The tragedy of 9/11 confronted me with all that I’d put aside when I left home years ago to study in Toronto. After college, I’d chosen to remain in Canada, a country temperamentally different from my own, rich in natural beauty and serene in character, an ideal culture for a working writer. Yet in spite of its size, it’s a small country both in population and in influence, painfully sensitive to the weight and power of a southern neighbour which demands its attention without returning it. Over the years, I’d begun to distance myself from my sense of American identity, from a country which, in the eyes of my Canadian friends, behaved like an overbearing sibling. After the towers fell, I began to realize that I had a claim on my native land, that I had a rich past in a city that I loved. It was one thing to leave home, to let go of childhood, to grow up. The loss of identity is a deeper kind of erasure. I felt in danger of losing who I was.
I, too, became a digger, rescuing my history.
Here were the facts — unearthed, dusted off, long set aside: My dad Vincent — known as Jimmy — was born in Harlem, my mother Antoinette in the Bronx, and they gave their children a claim to New York as their home town, both in fact and spirit. At the time of the attacks, my father had been dead for fifteen years, my mother for three. Dad was a man with a thousand-watt smile, quick-witted, always opinionated and sometimes bombastic; mom a kind-hearted and creative homemaker, a patient and devout Catholic who, like the earth itself, came with a solid core of iron. She had survived the poverty of the depression and a tyrannical live-in mother-in-law who might have destroyed a less solid marriage. Antoinette was a prayerful woman, and mindful of that, I started to explore meditation, discovering in myself a quiet place where the letting go of painful thoughts was healing. On the eleventh day of the month, I would light candles and recite the ancient prayers for the dead. At home in Toronto, in the winter of a new year, a sense of balance began to return.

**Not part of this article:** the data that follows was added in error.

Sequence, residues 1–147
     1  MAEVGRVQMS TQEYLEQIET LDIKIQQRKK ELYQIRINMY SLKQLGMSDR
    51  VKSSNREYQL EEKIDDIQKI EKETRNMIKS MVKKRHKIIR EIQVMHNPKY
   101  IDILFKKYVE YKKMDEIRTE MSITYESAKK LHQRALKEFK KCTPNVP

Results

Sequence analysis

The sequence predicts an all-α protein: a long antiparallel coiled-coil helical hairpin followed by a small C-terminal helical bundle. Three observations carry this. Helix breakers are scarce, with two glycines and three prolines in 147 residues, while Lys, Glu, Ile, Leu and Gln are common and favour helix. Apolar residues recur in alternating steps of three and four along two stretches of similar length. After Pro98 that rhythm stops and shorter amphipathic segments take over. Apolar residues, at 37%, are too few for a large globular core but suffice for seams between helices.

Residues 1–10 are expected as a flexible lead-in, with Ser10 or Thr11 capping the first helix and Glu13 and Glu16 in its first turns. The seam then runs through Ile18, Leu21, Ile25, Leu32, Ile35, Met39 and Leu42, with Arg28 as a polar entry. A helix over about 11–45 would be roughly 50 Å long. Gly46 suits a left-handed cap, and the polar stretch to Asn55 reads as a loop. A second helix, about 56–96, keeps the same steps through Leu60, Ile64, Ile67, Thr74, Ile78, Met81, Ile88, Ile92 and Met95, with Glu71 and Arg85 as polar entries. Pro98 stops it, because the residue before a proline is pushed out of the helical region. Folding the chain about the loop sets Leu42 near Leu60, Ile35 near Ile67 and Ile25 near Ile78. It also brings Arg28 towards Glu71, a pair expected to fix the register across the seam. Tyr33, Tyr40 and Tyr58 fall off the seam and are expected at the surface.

Yet in the stillness, I became aware that I had to go back to New York City to restore my ties of friendship with my birthplace. Among the dead I would find my parents and claim, once again, their gifts to me. It was a visit I had to make alone.
A slight memory, a family story, poignant only now, otherwise forgotten. How my dad danced with my mother at the Windows on the World Restaurant, high up in the Trade Center, how it was their anniversary, how they waltzed to an old-fashioned song, composed by the singer Al Jolson.
“Oh, how we danced on the night we were wed…”
My mother was a shy woman, and they were the only ones dancing in the bar and she was embarrassed, but she must have forgotten herself because “The Anniversary Waltz” was their special song, because they were two graceful dancers, because the music must have swept her away. Dancing on top of the tower, this is how you remember them, your loved ones gone to air.